Klass On Polygraph Evidence:

Klass attacked the original Gilson tests on the grounds of insufficient questioning regarding the UFO incident. He quoted Gilson as saying, "That one question does not make it a valid test as far as verifying the UFO incident."

This, however, contradicted Gilson's written word at the time. And in 1993, in preparation for retesting, Mike Rogers asked Gilson to state for the record whether his opinion of the original tests had changed. Gilson replied:

"Today, in 1993, I am still of the same opinion that they were valid examinations and the results were conclusive on the five. Even though there was only one question asked that related to the UFO sighting, it was a valid question and the results proved none of you were lying when stating you saw an object that you believe was a UFO. ... I hope this letter will satisfy you, and anyone else, that my beliefs in the results of those examinations, are the same today as they were in 1975."

But however lacklustre Klass' case on all these counts, the crown jewel of his campaign was clearly the discovery of the initial, failed polygraph test of Travis Walton. On a tip, Klass tracked down John McCarthy and found himself in the possession of a genuine scoop: a polygraph test failed by the primary actor Walton and suppressed by the UFOlogical group APRO and the National Enquirer.

APRO's advisors, such as Dr. James Harder, had felt the test was inconclusive as a result of Walton's emotional instability. The Enquirer accepted this and ordered the follow up Pfeifer test. Yet such excuses would ring hollow to the ears of many observers.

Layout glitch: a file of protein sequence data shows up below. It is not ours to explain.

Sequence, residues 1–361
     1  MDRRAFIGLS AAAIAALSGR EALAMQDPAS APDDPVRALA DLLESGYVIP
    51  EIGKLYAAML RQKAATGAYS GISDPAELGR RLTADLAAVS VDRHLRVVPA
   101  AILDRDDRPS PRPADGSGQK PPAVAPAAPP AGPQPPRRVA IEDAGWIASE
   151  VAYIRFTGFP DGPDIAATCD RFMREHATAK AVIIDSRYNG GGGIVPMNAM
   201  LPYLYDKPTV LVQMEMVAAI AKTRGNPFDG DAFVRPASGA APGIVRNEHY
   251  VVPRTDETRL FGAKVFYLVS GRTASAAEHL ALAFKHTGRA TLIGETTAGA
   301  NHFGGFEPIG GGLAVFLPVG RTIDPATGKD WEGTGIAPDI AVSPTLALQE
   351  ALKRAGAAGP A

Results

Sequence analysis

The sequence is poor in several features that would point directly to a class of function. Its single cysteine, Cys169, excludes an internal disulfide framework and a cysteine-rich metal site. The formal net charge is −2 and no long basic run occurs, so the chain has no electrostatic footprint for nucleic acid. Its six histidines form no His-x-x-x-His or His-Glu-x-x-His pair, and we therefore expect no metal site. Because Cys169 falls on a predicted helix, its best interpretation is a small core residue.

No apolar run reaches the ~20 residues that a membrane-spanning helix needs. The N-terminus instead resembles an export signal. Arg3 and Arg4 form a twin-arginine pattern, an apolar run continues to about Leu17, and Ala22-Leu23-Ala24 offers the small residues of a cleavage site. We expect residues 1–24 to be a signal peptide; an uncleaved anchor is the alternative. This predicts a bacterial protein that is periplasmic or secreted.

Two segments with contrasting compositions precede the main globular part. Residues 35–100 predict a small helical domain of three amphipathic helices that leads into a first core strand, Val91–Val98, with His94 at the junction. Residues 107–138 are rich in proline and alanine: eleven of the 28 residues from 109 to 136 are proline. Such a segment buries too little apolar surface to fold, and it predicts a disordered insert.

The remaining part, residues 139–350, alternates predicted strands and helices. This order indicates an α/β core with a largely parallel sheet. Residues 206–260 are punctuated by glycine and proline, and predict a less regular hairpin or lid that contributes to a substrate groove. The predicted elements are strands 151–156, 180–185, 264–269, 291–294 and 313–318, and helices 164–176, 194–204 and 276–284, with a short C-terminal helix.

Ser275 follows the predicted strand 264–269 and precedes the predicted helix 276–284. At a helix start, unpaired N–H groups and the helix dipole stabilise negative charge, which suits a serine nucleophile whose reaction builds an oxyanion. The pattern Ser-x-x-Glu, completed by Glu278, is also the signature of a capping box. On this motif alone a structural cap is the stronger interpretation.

In fact, Klass' discovery of the McCarthy test turned many UFOlogists and much of the public against the case. For example as recently as 1997, popular UFOlogist Kevin Randle panned the case as a hoax in his book The Randle Report, arguing that, due to its proximity to the original events, the McCarthy test "spoke volumes" about Walton's truthfulness.

The test would also achieve a sort of urban legend status among UFO sceptics. For example, Anson Kennedy of Georgia Sceptics was quoted on Robert Sheaffer's web site as saying:

"But the real 'bombshell,' as Klass describes it in his book, was the fact that Walton had failed an earlier polygraph examination miserably and this information had been suppressed by APRO, which had been proclaiming the Walton case 'one of the most important and intriguing in the history of the UFO phenomena.' This test was administered by John McCarthy, who with twenty years of experience was one of the most respected examiners in the state of Arizona. His conclusion: 'Gross deception.' Proponents of the Walton case never mention this examination."

The story, including the embellishments (McCarthy "with twenty years of experience was one of the most respected examiners in the state of Arizona") could be traced directly, of course, to Klass.
 
So what happened to Travis Walton in the mountains of Arizona in 1975? The horrific on-craft alien encounter depicted in the 1993 Paramount film is almost entirely a fictional presentation, although the bulk of the film, pertaining to the human drama, is broadly accurate and well presented. Walton's actual memories of his experience include a frightening but brief and unviolent confrontation with large-eyed alien beings (with pupils, as opposed to standard abductee "greys",) followed by an encounter with silent and seemingly bemused humans of exotic appearance who escorted and tranquilized him. Are these memories -- some assisted with hypnotic regression -- an accurate and literal reflection of reality? Like the UFO problem itself, the ultimate explanation of the Walton disappearance remains a protracted mystery.

Compiled by Dave Cosnette.